Link Between Sustainability, Business Value Lacking, CEO Study Finds
The majority (63 percent) of CEOs struggle to quantify the business value of sustainability, according to a survey by the UN Global Compact and Accenture.
The poll of 1,000 CEOs found the failure to make a link between sustainability and business value is the fastest rising barrier over the past decade.
In 2007, 18 percent said this deterred them from taking further action, rising to 30 percent in 2010. This year, 37 percent of responding CEOs cited this factor, and just 38 percent believe they can accurately quantify the business value of sustainability, according to The UN Global Compact-Accenture CEO Study on Sustainability 2013: Architects of a Better World.
While the CEO study on sustainability does find evidence that CEOs are strongly committed to embedding sustainability throughout their organizations — and 67 percent believe that business is not doing enough to address global sustainability challenges — the majority now call for action to incentivize and reward sustainability leaders in the private sector.
Some 78 percent of surveyed CEOs see sustainability as a route to growth and innovation, and 79 percent believe that it will lead to competitive advantage in their industry. However, CEOs see the economic climate and a range of competing priorities creating obstacles to embedding sustainability at scale within their companies.
This year, 93 percent of respondents say that environmental, social and governance issues are important to the future of their business, the same proportion as the previous study in 2010. But the proportion describing sustainability as very important has fallen from 54 percent to 45 percent, including only 34 percent of CEOs in Europe.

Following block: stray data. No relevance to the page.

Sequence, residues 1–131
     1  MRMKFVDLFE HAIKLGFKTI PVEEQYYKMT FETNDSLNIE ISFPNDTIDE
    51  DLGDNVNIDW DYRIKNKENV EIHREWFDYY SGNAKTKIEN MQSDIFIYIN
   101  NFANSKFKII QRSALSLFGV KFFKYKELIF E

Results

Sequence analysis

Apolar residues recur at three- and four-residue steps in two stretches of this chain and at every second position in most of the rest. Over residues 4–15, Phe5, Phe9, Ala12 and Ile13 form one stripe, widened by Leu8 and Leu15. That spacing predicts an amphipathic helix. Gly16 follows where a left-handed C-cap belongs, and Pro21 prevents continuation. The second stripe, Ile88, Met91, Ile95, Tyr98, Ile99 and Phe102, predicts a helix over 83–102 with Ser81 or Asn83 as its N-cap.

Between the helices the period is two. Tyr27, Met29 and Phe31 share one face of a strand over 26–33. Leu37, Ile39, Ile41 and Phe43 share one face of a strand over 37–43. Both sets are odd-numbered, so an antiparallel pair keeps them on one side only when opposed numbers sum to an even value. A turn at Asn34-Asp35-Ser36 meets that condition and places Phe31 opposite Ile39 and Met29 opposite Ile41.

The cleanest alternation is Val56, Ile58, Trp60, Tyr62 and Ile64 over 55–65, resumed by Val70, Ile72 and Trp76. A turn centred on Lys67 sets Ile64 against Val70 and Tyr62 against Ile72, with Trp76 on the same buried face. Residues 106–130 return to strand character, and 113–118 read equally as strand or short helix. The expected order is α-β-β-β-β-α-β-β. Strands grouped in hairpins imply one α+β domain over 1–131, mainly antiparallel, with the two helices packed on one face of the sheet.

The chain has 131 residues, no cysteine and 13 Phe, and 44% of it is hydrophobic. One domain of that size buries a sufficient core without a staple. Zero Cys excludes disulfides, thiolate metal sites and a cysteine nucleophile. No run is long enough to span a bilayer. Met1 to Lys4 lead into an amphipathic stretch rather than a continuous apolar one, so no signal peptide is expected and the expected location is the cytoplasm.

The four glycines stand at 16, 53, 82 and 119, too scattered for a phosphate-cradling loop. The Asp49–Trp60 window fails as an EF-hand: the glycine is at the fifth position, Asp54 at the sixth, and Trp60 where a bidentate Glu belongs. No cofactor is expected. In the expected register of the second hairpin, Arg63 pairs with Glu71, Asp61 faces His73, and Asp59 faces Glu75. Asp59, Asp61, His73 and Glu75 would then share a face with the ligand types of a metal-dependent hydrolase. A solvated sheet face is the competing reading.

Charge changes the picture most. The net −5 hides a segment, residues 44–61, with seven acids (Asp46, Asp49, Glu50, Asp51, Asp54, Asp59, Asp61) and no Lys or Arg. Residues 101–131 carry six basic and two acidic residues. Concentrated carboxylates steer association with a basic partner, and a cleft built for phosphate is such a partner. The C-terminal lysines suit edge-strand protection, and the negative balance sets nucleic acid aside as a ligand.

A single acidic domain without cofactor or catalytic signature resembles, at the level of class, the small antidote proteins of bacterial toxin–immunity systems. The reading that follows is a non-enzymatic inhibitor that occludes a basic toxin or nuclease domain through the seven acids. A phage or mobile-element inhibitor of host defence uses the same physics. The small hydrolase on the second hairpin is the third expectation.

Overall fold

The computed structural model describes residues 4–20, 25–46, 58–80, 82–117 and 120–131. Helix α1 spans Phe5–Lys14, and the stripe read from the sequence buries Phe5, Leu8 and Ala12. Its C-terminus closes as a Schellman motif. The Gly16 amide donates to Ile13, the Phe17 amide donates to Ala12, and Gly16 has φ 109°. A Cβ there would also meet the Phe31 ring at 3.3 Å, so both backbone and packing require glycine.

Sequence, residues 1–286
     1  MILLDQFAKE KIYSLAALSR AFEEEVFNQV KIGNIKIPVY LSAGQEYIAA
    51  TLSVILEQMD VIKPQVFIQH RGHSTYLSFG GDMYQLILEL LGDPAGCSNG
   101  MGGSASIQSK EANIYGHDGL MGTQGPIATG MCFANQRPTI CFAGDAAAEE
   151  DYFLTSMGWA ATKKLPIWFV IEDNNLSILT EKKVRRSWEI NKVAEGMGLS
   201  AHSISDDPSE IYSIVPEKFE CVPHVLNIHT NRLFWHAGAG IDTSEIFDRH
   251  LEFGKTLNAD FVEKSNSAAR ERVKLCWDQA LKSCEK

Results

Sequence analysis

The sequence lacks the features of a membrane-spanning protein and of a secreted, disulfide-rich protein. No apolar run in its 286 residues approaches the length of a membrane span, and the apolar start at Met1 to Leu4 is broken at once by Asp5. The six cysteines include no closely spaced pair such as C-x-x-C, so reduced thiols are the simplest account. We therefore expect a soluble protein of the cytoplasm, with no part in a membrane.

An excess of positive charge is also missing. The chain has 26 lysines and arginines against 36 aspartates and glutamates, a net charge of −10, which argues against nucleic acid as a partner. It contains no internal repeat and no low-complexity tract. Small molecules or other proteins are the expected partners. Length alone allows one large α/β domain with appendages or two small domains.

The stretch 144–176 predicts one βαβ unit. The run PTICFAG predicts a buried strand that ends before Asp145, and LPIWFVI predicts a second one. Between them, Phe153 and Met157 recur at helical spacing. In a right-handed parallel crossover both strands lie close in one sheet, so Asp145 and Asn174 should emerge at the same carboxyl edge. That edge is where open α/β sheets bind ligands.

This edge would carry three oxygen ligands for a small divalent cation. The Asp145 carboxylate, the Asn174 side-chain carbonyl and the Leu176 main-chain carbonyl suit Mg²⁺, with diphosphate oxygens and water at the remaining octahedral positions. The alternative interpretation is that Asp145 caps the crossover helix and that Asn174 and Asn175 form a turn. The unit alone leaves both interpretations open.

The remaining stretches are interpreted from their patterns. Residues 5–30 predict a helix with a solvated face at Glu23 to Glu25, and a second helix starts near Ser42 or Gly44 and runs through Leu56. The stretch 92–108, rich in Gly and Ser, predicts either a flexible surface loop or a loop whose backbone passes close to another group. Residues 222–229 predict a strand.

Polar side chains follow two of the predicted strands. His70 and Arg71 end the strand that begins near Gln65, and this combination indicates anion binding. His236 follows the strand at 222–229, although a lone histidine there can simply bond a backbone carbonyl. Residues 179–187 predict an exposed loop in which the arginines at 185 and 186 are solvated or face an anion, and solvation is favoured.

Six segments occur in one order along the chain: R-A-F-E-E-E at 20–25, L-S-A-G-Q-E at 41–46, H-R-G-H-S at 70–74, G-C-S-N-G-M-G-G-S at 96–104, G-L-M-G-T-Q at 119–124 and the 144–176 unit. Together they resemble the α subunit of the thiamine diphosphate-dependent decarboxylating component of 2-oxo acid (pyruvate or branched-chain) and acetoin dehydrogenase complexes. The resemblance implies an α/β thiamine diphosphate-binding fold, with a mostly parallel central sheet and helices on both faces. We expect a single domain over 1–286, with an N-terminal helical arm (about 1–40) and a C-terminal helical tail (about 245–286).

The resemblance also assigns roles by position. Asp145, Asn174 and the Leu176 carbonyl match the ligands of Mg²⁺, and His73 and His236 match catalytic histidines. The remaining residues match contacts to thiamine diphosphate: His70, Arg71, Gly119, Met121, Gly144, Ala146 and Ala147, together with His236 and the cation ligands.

While 84 percent believe that business should lead the way in addressing sustainability challenges, they point to a number of barriers including a lack of financial resources. This is the leading barrier to advancing sustainability, cited by 51 percent of respondents; 40 percent say that economic conditions have made it difficult to embed sustainability into core business.
Additionally, only 15 percent of responding CEOs think business has made good progress over the last three years in making sustainability a must-have factor for consumers, even though 82 percent think this is critical to harnessing sustainability as a transformative force in the economy. Almost half (46 percent) believe consumers will always consider sustainability as secondary to price, quality and availability.
In a sign of investor ambivalence, although 52 percent of respondents see investor interest as an incentive for them to advance sustainability practices, only 12 percent of respondents see investor pressure as a leading motivator. However, only a small minority of CEOs (15 percent) blame the short-termism of financial markets as a barrier, and 69 percent believe that investor interest will be increasingly important in guiding their approach.
CEOs want greater collaboration between business, governments and policymakers, according to the survey. Forty-two percent of respondents now list governments among their top three stakeholders in sustainability, a rise from 32 percent in 2007. Eighty-three percent of respondents think more efforts by governments to provide the enabling environment will be integral to the private sector’s ability to advance sustainability. Specifically, 85 percent demand clearer policy and market signals to support green growth.
When asked which policy tools should be prioritized, 55 percent point to regulation and standards and 43 percent call for governments to adjust subsidies and incentives. A further 31 percent seek intervention through taxation. Softer measures, such information and voluntary approaches, are supported by only 21 percent of CEOs.
The UN Global Compact launched a stock index of sustainability leaders last week that shows a total investment return of 26.4 percent during the past year, surpassing the general global stock market. Companies listed on the Global Compact 100 have committed to the Global Compact 10 principles, which cover topics including labor, human rights and the environment.
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